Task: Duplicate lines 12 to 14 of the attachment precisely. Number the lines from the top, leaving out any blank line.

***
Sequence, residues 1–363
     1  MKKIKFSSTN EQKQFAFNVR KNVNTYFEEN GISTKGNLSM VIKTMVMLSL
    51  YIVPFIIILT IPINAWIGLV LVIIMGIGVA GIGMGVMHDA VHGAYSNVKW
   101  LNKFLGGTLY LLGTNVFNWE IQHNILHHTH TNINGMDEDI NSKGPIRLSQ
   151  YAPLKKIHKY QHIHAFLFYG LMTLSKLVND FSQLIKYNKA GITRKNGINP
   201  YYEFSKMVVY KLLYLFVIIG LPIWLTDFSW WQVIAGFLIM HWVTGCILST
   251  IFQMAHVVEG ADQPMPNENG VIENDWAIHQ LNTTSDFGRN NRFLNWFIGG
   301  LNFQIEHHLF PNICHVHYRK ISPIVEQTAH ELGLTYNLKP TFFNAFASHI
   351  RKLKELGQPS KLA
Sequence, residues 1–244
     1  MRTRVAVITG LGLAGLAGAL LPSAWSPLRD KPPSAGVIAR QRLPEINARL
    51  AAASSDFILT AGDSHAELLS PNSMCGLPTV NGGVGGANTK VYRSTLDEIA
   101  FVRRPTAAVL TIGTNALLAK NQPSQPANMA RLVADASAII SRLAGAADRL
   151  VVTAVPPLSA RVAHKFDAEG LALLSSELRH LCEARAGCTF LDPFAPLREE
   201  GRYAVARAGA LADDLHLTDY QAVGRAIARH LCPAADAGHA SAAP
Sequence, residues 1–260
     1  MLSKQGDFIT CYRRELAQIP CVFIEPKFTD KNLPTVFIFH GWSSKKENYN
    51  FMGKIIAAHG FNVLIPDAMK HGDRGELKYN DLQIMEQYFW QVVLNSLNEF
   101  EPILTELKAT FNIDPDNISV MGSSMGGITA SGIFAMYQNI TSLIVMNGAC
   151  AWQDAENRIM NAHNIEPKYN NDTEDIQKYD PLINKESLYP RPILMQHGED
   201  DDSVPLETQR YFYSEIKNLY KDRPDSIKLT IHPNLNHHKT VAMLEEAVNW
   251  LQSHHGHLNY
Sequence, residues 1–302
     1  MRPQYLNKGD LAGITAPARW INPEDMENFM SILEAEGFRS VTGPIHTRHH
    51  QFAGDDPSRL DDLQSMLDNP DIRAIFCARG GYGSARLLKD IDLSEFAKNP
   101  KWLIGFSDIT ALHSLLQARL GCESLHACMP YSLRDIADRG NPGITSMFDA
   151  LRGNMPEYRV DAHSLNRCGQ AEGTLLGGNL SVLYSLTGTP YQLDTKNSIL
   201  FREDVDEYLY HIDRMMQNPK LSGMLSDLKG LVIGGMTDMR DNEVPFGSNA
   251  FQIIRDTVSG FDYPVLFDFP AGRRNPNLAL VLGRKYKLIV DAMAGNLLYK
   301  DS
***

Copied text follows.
    51  AAASSDFILT AGDSHAELLS PNSMCGLPTV NGGVGGANTK VYRSTLDEIA
   101  FVRRPTAAVL TIGTNALLAK NQPSQPANMA RLVADASAII SRLAGAADRL
   151  VVTAVPPLSA RVAHKFDAEG LALLSSELRH LCEARAGCTF LDPFAPLREE